Two weeks ago, "everything" included helping catch Jesus C. Mezquia, the man accused of killing Mia Zapata in 1993. Liuzzi--who assisted a team that included Seattle detectives, the Miami U.S. Marshals office, and officers from local Florida jurisdictions--did surveillance on addresses related to Mezquia, looked for the guy's vehicle, and ultimately helped catch him. "When you get involved in these things, you hardly sleep. You get three hours of sleep and you go out again," Liuzzi says. "There's an emotional aspect to it."
Over dinner one night in Florida, the Seattle detectives and prosecutors explained to their Florida counterparts how important the Zapata case is. "They said in Seattle this was the biggest story," Liuzzi recalls. "They told us, 'Everybody in Seattle knows this case, it will hit every paper.' I was caught up by the fact that [Seattle's team] was so dedicated. We [in Florida] just wanted to catch him because he's just not a nice person. As we heard more about what [Mezquia allegedly] did, we just had to find him. Nobody gave up."
The search was sparked by a DNA sample from Zapata's body that matched Mezquia's DNA in Florida's felon database. When the Seattle team got the match, it called the field office of the U.S. Marshals in Miami to assist, and the Marshals, in turn, called Liuzzi. "They told me they were looking for this guy," Liuzzi says. "So I went down [to Marathon, Florida] to help."
The team located Mezquia's residence in Marathon. "That's in the middle of the Keys. The thing about Marathon is there's one way in and one way out--the Overseas Highway." But by the time the team got to Marathon, Mezquia's van was gone (and, they assumed, so was he). "The van had been there the previous week," says Najala Mayo-Lowther, the public information officer for the Miami U.S. Marshals. So the multi-jurisdictional team set up surveillance at the house--which belongs to Mezquia's ex-wife--and started looking into other leads.
"The surveillance went on for days," Liuzzi explains. "We started doing some investigative work, and developing more information on him [to] see if there were any reports in the system that related to this person. We got several addresses in the Miami and Miami Beach area, and we placed surveillance on those too."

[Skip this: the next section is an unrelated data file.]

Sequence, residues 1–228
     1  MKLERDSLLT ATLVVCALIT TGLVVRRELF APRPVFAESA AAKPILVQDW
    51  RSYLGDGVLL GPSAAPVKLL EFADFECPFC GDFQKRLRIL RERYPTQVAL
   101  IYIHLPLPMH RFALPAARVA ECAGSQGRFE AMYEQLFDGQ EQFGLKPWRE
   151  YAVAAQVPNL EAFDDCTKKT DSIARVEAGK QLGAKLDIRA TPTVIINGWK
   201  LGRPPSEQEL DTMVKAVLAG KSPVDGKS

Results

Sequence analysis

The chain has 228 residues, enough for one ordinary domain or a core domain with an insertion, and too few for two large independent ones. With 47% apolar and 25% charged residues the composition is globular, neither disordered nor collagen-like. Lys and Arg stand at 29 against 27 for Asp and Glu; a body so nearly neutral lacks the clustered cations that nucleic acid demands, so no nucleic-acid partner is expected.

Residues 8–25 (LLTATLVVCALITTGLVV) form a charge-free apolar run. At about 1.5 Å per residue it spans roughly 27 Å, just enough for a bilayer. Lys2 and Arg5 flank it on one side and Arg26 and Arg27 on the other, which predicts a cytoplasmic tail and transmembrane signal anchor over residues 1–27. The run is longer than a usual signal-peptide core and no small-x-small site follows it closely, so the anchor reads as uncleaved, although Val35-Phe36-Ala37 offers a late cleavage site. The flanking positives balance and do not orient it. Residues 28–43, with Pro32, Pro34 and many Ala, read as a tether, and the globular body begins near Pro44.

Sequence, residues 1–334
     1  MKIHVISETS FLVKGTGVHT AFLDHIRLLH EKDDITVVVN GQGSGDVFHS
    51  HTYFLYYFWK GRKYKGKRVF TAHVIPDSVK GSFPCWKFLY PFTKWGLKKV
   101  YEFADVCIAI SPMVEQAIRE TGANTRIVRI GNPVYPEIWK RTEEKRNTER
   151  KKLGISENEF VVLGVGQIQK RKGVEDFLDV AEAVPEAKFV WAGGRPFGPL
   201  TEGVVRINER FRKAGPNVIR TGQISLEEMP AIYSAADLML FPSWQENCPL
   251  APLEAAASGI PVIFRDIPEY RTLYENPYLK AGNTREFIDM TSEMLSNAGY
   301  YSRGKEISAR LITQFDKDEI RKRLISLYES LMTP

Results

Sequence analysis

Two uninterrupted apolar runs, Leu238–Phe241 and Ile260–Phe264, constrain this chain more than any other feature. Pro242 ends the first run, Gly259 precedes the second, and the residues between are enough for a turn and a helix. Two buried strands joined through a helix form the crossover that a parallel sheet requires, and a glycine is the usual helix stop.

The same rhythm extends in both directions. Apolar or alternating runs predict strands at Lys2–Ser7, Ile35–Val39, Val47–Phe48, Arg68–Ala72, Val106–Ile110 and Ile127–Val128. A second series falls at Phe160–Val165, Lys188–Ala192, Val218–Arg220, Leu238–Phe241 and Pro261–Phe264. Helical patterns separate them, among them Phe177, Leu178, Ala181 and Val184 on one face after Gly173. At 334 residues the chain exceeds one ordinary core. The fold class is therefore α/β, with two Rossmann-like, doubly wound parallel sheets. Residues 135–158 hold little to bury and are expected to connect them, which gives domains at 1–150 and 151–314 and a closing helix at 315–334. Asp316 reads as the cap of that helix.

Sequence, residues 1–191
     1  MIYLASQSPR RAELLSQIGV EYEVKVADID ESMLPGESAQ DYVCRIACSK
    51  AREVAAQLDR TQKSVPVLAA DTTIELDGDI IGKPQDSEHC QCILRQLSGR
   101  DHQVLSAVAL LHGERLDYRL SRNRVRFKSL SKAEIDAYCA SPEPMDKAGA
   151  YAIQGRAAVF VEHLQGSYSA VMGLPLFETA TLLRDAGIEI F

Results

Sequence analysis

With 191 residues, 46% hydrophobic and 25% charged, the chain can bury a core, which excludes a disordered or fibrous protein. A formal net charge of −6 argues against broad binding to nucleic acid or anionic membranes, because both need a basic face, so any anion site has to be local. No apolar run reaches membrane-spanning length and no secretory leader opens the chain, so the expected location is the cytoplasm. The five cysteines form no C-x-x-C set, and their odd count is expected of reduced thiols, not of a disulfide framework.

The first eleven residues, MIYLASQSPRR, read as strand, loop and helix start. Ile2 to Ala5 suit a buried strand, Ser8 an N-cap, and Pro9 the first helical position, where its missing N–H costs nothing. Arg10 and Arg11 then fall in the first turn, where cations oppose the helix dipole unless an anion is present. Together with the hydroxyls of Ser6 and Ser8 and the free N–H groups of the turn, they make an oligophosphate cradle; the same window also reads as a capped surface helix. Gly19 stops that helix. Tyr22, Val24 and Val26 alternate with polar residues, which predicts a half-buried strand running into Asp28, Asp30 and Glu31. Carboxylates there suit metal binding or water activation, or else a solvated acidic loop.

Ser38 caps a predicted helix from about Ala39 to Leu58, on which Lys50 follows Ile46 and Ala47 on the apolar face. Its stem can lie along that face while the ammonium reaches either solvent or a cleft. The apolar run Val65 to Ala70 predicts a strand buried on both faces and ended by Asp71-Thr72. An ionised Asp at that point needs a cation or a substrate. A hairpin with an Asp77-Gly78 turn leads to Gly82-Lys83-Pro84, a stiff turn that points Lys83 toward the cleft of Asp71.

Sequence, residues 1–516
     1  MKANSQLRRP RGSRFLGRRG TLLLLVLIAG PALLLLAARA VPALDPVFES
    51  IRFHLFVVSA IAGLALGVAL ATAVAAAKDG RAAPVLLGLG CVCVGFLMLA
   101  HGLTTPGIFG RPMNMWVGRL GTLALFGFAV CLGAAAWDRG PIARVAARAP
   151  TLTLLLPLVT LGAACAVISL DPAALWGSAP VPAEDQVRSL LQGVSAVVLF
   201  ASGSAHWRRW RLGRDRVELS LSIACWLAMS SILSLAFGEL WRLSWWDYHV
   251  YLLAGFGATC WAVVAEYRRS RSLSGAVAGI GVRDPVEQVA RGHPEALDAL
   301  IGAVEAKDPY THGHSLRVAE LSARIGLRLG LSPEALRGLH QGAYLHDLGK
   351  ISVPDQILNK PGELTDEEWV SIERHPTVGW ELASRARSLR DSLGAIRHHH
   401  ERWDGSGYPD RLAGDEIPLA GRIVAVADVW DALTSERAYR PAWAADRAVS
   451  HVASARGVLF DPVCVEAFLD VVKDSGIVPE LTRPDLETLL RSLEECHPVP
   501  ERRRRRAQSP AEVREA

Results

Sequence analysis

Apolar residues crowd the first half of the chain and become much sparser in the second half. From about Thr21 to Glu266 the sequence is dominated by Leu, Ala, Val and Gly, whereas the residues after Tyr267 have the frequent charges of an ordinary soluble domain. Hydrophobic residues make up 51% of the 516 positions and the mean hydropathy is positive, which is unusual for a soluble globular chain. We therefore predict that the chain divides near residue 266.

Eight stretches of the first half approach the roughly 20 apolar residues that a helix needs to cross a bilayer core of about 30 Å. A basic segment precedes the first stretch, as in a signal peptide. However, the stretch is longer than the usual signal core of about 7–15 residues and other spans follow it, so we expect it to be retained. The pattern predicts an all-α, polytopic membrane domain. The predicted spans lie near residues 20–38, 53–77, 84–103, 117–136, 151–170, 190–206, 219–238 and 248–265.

The team also set up surveillance on the Overseas Highway to keep a lookout for Mezquia's van in case he drove in or out of Marathon and the rest of the Florida Keys. Liuzzi jokes that he watched that road so much he probably knows half the people who live in Marathon. "I can recognize them from driving through."
Beyond surveillance, Liuzzi says the team also checked with the local sheriffs for information, and was able to identify Mezquia's fishing spot. "We knew exactly where he fished, where he parked, and everything," Liuzzi says. "I don't know how to describe him, but he isn't your average person in society."
Mayo-Lowther, with the U.S. Marshals, says the break came when the team contacted the Monroe County Sheriff's Office (Monroe County covers the Keys). "They had interviewed [Mezquia] previously, and they provided another address in the Kendall area, which is kind of in Miami. The deputies went over to that address to see what they could see, and they found his vehicle there."
The search now focused on the house near Miami. "The team set up surveillance on the van," Liuzzi says. "At that point you had surveillance set up from Miami to Marathon. It had turned into a major manhunt."
And the hunt was almost over. Surveillance was set up on the Kendall house on Friday, January 10. That evening, Mezquia was spotted as he headed out to a convenience store down the street. "When he went to the store he was placed under arrest," says Mayo-Lowther. While the "chase," as Liuzzi calls it, involved long days (up to 18 hours of surveillance at a time), and was complicated by the fact that Mezquia had several possible addresses, the capture itself was anticlimactic. The arrest was quite simple--Mezquia was unarmed and did not resist arrest.
Even though Mezquia's in jail, Liuzzi hasn't stopped thinking about the case. He wanted to know more about Zapata so he did some research, looking up websites about the Gits, the Seattle band Zapata sang in, and stories about her death.
"I'm glad it came to a successful conclusion," Liuzzi says. "Our big fear was we weren't going to get him."